Skip to main content Accessibility help
×
Hostname: page-component-6b989bf9dc-g5k2d Total loading time: 0 Render date: 2024-04-13T04:52:05.640Z Has data issue: false hasContentIssue false

6 - Physical exercise to calm your ‘nerves’

Published online by Cambridge University Press:  05 February 2016

Linda C. W. Lam
Affiliation:
The Chinese University of Hong Kong
Michelle Riba
Affiliation:
University of Michigan, Ann Arbor
Get access

Summary

Image of the first page of this content. For PDF version, please use the ‘Save PDF’ preceeding this image.'
Type
Chapter
Information
Publisher: Cambridge University Press
Print publication year: 2016

Access options

Get access to the full version of this content by using one of the access options below. (Log in options will check for institutional or personal access. Content may require purchase if you do not have access.)

References

Barbour, KA, Ednefiled, TM, Blumenthal, JA. 2007. Exercise as a treatment for depression and other psychiatric disorders. J Card Rehab Prev, 27: 359367.CrossRefGoogle ScholarPubMed
Bartley, CA, Hay, M, Bloch, MH. 2013. Meta-analysis: aerobic exercise for the treatment of anxiety disorders. Prog Neuropsychopharmacol Biol Psychiatry, 45: 3439.CrossRefGoogle ScholarPubMed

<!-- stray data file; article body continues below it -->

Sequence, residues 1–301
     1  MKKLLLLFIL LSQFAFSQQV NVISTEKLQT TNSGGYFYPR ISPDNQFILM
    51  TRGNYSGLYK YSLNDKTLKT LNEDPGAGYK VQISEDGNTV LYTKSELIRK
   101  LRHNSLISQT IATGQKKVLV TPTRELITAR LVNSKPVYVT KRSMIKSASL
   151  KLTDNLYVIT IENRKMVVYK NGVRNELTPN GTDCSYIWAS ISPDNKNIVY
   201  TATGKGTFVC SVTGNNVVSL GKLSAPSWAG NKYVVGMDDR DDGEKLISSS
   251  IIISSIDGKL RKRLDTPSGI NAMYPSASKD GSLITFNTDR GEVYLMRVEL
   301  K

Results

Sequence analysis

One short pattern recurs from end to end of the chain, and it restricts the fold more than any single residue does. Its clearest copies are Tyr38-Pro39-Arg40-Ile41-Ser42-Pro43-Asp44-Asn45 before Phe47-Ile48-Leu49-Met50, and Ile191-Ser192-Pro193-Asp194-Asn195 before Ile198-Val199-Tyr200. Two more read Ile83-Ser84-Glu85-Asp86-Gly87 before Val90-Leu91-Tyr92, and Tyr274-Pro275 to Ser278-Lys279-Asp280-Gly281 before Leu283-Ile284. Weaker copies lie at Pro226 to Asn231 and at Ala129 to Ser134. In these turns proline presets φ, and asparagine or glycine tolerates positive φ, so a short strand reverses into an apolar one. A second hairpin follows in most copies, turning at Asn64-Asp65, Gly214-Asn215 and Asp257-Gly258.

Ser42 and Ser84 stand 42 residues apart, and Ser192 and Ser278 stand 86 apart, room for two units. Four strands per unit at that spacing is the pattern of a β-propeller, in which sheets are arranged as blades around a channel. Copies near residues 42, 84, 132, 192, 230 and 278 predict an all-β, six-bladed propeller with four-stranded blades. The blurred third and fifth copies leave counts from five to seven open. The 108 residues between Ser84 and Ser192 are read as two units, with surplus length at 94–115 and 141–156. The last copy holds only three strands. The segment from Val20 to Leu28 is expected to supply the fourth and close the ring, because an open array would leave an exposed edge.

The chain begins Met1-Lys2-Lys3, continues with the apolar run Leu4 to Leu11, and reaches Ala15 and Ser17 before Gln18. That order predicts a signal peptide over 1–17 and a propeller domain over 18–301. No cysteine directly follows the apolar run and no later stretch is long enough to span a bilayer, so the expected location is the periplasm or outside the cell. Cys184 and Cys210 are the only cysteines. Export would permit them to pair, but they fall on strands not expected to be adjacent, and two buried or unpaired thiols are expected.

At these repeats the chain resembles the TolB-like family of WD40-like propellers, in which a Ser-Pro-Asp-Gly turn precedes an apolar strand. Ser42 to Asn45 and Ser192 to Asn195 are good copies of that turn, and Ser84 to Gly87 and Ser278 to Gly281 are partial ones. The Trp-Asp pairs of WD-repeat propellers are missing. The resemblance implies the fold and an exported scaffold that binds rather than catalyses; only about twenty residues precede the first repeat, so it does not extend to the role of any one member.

Broman-Fulks, JJ, Berman, ME, Rabian, BA, Webster, MJ. 2004. Effects of aerobic exercise on anxiety sensitivity. Beh Res Therapy 42: 125136.CrossRefGoogle ScholarPubMed
Broman- Fulks, JJ, Storey, KM. 2008. Evaluation of a brief aerobic exercise intervention for high anxiety sensitivity. Anxiety, Stress & Coping, 21: 117128.CrossRefGoogle ScholarPubMed
Burbach, FR. 1997. The efficacy of physical activity interventions within mental health services: anxiety and depressive disorders. J Ment Health, 6: 543566.CrossRefGoogle Scholar
Byrne, A, Byrne, DG. 1993. The effect of exercise on depression, anxiety and other mood states: A review. J Psychosomatic Res, 37: 565574.CrossRefGoogle ScholarPubMed
Carek, PJ, Laibstain, SE, Carek, SM. 2011. Exercise for the treatment of depression and anxiety. Int J Psy in Med, 41: 1528.CrossRefGoogle ScholarPubMed
Chan, W, Immink, MA, Hillier, S. 2012. Yoga and exercise for symptoms of depression and anxiety in people with poststroke disability: a randomized, controlled pilot trial. Altern Ther health Med, 18(3): 3443.Google ScholarPubMed
Chou, D, Huang, CC, Hsu, KS. 2014. Brain-derived neurotrophic factor in the amygdala mediates susceptibility to fear conditioning. Exp Neurol, 255: 1929.CrossRefGoogle Scholar
Chow, YW, Tsang, HW. 2007. Biopsychosocial effects of Qigong as a mindful exercise for people with anxiety disorders: a speculative review. J Altern Complement Med, 13: 831839.CrossRefGoogle ScholarPubMed